on me. We shared the wave. Rather than get angry at the drop in I decided to
enjoy watching him on the nose of his board as we rode it together. There was plenty
of room on the wave for us both since the surf was playful, in the stomach high range.
The next morning we were again in the lineup together. A friend, and novice
paddler, paddled out on his new SUP. The surf was smaller than the previous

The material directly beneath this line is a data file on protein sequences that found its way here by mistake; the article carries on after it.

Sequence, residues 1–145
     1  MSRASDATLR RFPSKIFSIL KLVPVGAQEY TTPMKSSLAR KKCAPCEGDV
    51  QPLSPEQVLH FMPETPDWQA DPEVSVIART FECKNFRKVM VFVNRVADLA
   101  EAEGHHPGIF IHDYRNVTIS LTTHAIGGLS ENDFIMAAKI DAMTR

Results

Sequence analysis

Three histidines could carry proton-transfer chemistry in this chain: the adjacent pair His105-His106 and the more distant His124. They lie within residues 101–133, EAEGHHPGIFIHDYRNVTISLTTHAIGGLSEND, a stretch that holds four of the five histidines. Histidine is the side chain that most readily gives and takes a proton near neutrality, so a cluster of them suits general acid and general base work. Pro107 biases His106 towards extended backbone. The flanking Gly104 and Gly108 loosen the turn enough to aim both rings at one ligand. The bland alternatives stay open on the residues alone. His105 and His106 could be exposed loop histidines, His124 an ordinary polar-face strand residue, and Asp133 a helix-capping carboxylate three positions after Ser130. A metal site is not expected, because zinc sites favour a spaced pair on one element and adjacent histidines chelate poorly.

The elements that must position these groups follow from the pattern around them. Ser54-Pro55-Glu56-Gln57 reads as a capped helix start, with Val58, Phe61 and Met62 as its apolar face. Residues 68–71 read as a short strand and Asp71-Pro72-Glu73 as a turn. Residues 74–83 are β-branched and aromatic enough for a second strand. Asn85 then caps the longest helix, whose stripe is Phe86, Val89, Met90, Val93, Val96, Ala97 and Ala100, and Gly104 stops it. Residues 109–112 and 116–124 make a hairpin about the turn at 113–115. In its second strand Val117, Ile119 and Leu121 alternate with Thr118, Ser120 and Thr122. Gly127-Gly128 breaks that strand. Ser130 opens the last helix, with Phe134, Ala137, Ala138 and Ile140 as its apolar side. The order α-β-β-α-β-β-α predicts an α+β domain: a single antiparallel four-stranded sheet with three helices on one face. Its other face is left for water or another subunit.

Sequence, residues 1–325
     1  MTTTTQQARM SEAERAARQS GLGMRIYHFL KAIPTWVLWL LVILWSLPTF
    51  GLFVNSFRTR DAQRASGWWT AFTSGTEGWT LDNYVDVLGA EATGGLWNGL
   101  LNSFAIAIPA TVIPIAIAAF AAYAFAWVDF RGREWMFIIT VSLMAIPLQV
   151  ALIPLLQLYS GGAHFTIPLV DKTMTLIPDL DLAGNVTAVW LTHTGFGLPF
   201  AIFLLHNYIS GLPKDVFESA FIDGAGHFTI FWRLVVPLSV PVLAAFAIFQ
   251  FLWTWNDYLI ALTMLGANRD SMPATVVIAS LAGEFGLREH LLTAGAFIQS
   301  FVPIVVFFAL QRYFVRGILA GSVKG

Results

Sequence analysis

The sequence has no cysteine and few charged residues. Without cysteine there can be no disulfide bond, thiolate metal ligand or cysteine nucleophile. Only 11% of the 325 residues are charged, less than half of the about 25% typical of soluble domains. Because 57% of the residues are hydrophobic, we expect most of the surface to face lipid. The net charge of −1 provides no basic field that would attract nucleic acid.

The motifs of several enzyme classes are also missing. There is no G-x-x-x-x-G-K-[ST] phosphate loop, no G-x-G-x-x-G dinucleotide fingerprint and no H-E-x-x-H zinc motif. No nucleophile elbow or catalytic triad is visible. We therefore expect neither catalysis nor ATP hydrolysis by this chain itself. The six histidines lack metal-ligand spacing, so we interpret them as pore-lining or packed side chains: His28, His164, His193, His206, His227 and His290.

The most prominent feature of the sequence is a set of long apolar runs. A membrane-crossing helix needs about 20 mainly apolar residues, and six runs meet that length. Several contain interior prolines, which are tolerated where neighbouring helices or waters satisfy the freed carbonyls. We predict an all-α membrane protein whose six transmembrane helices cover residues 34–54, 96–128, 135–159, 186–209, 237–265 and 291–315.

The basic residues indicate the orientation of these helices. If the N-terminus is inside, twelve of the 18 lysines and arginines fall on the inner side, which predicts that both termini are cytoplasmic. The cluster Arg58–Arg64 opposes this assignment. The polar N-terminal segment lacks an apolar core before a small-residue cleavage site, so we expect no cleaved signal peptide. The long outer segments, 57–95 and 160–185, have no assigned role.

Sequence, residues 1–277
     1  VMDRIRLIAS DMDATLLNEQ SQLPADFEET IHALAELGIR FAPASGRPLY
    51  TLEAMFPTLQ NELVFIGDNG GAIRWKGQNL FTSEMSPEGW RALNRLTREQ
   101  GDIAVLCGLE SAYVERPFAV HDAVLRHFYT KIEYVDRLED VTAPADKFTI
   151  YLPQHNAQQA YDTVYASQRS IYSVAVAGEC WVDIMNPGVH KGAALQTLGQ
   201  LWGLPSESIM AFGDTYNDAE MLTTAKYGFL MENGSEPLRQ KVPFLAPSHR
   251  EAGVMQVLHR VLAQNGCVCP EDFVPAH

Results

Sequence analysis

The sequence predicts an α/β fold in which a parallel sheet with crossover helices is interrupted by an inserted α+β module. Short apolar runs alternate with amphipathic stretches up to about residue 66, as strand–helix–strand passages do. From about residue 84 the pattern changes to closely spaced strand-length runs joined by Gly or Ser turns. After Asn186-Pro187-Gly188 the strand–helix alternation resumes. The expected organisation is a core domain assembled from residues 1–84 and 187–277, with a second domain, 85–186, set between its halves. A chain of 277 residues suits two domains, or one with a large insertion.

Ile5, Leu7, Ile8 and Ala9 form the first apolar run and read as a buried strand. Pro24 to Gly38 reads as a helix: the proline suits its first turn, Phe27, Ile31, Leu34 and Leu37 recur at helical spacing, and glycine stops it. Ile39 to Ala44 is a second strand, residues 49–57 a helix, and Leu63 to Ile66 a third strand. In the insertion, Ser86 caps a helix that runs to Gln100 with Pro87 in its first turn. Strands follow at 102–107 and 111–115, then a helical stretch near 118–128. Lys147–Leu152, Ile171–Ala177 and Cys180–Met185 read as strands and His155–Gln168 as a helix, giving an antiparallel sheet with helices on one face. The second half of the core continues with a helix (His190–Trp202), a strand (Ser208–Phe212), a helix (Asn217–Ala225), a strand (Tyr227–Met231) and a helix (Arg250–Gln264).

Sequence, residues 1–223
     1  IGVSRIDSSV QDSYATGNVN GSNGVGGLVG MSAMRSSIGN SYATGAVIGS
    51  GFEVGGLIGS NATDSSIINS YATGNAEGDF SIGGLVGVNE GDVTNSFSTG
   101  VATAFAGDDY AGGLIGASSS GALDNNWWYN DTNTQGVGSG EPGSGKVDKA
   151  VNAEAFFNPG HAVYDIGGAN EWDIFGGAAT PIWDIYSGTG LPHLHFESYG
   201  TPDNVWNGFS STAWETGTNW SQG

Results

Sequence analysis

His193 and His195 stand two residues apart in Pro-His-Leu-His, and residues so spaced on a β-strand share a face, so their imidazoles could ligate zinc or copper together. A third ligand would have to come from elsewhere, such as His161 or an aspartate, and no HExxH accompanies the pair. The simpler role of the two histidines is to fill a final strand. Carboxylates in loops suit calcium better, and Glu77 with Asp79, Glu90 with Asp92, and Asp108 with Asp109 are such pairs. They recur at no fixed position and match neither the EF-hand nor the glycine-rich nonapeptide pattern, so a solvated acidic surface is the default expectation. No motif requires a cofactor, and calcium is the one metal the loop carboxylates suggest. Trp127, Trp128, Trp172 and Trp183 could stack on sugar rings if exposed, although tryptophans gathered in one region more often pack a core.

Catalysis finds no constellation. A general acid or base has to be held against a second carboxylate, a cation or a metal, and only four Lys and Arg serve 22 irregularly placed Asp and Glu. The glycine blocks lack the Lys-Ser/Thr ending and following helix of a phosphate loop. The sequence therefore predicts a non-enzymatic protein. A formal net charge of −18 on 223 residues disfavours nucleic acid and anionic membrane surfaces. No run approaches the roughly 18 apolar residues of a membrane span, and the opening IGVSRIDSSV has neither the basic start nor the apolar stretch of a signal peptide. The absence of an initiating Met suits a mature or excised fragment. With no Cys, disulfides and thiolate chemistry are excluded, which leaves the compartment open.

day but still fun. The "newcomer" saw the paddler, frowned and made a derogatory
remark about SUP's. The paddler did not hear "newcomer's" remark. He happily
paddled through the lineup filled with aloha, wishing everyone he knew a good morning, alerting the crew when he spied a set on the horizon, and paddled away from the main peak.
I looked at "newcomer" and commented that in the water we can make mistakes by
judging people by what they ride. It's not the surf craft but rather the surfer we should
get to know.
Making snap judgments based only upon external appearance or inaccurate expectations
causes enough stress in the world. Aloha means not judging.